Welcome to our February 2012 Featured Indie Author Interview. We will be having a Featured Indie Author each month to give you the reader the chance to learn of the Indie Authors and their work.
I’m very pleased to have this opportunity to introduce you to Author Walt Lamberg. Let’s begin-
The readers may not know this, but you have been a published author for quite some time. How long have you been published and can you share with us some of your eariler books.
My first major publication was in 1980. I co-authored a college textbook for Rand McNally, Reading Instruction in the Content Areas. My first published fiction was a short story “The Souvenir Shop,” in The Baltimore Review, 1997. (I revised and re-published that story as a Kindle book in 2011.)
When did you first realize you wanted to become an author?
When I was in first grade, our teacher asked us to write about what we did during the summer. For some reason, I decided to write a fictional story based on TV news stories about flooding along the Mississippi River. The TV showed houses with water up to the roofs and families on the roofs waiting to be rescued. It took my teacher a little while to realize that my family and I had not actually been in a flood. She was very impressed that I had written a “made up” story. I think that’s when I decided to be a writer.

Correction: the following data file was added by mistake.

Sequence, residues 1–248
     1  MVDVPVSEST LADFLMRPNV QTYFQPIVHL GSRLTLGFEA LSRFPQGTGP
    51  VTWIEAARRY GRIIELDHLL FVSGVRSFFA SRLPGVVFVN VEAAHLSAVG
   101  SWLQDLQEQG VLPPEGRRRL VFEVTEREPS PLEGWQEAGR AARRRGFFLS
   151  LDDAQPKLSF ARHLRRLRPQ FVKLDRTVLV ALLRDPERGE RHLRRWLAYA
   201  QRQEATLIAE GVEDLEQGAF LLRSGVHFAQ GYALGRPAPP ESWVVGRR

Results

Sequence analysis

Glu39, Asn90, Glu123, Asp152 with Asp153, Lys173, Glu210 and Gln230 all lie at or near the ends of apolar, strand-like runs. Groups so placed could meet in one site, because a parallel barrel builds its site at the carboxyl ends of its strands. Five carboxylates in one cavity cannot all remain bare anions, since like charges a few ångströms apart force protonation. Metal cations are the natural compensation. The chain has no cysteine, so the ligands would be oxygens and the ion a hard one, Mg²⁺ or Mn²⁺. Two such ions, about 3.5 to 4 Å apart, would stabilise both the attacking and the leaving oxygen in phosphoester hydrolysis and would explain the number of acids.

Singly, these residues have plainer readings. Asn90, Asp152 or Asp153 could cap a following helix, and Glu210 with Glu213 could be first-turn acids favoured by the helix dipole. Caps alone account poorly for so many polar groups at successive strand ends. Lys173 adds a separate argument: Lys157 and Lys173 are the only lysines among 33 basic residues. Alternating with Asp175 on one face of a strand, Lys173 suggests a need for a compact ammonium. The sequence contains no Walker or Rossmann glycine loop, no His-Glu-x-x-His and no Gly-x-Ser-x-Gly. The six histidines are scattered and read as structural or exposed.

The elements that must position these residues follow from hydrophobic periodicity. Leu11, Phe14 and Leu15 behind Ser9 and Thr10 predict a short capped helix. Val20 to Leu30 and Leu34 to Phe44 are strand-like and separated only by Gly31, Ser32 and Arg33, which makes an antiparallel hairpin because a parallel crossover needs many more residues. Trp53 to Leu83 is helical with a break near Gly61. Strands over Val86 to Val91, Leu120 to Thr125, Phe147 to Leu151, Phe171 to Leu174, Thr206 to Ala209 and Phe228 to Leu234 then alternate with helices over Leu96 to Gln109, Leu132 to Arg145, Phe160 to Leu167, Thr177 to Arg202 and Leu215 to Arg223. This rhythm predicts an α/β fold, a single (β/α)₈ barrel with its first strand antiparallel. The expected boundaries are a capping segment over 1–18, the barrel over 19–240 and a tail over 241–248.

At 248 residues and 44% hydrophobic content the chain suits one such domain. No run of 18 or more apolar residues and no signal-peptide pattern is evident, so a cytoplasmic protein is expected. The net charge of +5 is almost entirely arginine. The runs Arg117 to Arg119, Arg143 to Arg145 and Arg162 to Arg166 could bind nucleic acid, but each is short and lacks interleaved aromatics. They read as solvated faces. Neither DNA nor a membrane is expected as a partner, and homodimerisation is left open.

How have your life experiences inspired your writing?
A major part of my life experience has been reading good literature. Reading and enjoying countless books has inspired me to write. I also find inspiration in good films and more recently in the excellent HBO mini-series, such as John Adams, The Pacific, and Boardwalk Empire. My three years in the Army inspired me to write a series of (so far) eight single Kindle Army short stories.
What genre do you gravitate toward?
My main interest is contemporary fiction, both novels and short stories.
Have you written under more than one genre?
In the past I published language arts textbooks and workbooks. Now I concentrate on fiction, but I also write country music songs.